Black Oregon teen fatally shot after argument over music
A Black teenager in Oregon was shot and killed last week following a reported parking lot argument over the volume of music.
Ashland, Ore., police were called to the parking lot of the Stratford Inn before 5 a.m. on Nov. 23, where the teen — identified by friends and family as 19-year-old Aidan Ellison — was “found deceased.”
The police department says that Robert Paul Keegan, 47, shot Ellison once in the chest.
“Yes, there was an argument over music, no, this did not happen because of loud music, it happened because the suspect chose to bring a gun with him and chose to use it,” Ashland Police Chief Tighe O’Meara said in a Facebook post. “100 percent on him, not the poor young man that was murdered.”
Keegan, who is white, was arrested and charged with second-degree murder, first-degree manslaughter, reckless endangerment and unlawful possession of a weapon. Keegan pleaded not guilty to all of the charges on Friday; he’s being held at the Jackson County Jail on no bail and is expected back in court on Feb. 22 for a pre-trial hearing.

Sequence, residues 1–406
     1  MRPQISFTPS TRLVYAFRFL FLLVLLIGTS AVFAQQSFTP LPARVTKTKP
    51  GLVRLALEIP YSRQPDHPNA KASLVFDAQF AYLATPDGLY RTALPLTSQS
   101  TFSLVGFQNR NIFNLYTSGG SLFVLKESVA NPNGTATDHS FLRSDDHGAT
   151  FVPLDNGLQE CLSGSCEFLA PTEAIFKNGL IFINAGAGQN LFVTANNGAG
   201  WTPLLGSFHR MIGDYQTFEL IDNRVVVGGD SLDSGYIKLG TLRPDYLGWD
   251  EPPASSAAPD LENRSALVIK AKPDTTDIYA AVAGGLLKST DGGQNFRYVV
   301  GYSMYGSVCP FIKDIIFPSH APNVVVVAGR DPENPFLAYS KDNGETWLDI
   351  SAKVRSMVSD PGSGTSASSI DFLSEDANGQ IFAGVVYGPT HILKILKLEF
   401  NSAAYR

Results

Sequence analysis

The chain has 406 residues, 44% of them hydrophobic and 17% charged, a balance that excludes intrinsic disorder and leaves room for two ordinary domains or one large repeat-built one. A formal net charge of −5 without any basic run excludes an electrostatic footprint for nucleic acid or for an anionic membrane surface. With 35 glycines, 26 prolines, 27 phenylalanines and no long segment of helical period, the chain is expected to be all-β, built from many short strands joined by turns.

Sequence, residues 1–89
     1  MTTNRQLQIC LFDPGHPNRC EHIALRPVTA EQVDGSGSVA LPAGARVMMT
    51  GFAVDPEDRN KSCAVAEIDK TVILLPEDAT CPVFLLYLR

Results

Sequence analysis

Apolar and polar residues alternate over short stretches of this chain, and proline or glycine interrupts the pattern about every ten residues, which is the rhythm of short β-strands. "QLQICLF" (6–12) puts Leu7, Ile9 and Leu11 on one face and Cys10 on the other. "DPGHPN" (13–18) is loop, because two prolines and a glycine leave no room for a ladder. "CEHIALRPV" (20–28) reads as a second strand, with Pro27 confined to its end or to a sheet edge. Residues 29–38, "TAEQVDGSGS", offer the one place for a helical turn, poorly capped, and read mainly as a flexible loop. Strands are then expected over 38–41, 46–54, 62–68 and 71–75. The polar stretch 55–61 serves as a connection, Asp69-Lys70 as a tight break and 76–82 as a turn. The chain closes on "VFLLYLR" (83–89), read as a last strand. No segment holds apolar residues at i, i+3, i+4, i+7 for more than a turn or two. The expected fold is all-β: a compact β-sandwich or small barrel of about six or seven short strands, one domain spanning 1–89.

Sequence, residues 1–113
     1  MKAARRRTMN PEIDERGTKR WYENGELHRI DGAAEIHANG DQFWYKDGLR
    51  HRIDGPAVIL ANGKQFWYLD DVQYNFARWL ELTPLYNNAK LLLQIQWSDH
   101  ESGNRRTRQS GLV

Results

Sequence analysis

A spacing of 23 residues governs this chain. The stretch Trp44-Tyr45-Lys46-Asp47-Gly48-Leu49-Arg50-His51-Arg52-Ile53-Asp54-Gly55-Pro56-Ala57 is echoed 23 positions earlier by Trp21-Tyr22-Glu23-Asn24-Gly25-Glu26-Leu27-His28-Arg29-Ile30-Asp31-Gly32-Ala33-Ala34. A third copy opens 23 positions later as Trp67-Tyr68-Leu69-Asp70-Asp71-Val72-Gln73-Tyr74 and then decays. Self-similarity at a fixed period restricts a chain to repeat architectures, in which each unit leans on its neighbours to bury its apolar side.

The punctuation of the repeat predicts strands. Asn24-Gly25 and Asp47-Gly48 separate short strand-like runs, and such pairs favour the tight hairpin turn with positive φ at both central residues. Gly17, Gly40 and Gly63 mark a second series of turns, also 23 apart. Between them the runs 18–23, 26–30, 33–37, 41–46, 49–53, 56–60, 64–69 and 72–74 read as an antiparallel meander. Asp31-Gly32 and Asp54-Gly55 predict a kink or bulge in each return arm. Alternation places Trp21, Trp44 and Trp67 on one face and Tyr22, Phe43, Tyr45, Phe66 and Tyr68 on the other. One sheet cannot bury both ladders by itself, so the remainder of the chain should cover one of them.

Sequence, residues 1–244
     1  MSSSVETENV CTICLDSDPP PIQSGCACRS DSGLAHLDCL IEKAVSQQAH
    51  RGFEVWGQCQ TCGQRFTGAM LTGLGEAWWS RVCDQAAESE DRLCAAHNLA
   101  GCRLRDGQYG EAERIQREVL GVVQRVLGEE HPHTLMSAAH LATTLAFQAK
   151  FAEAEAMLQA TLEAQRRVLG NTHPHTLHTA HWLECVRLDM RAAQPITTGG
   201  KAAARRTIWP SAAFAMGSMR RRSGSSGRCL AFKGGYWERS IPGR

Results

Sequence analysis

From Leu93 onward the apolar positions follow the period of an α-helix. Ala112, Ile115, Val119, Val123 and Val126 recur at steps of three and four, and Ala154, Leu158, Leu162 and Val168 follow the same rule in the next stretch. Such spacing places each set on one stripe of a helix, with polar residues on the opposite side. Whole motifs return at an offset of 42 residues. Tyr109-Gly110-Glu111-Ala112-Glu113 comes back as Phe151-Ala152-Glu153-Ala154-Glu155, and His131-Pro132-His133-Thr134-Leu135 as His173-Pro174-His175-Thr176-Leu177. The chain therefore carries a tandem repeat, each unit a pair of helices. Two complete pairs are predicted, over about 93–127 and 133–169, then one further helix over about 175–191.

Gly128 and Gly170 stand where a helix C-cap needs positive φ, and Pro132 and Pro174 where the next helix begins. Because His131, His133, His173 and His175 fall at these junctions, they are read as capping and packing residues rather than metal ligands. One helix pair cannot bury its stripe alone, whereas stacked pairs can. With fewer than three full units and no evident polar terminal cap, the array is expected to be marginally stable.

O’Meara told CNN that Keegan was staying at the inn with his 3-year-old son after being displaced by the Almeda wildfire, which burned more than 3,200 acres of land in the state two months ago.
Community members and advocates have said that Keegan’s actions were a byproduct of racism.
“It’s not a coincidence that a white man, according to police, chose to take the life of a young black man for the offense of playing his music. This is at the root of racism. This is how people and cultures are erased through deeply ingrained violence,” Jule Akins, Ashland’s mayor-elect, said Saturday in a post on social media site Next Door.
The police department’s press release on the incident doesn’t say whether racial motives are being investigated, though O’Meara did address the community’s anger in his interview with CNN.
“I understand that there are legitimate tensions surrounding matters of violence against people of color in the U.S., and this situation speaks directly to that,” the police chief said. “I want to do whatever I can with the police department to navigate our marginalized community member relationships and find a way through this.”
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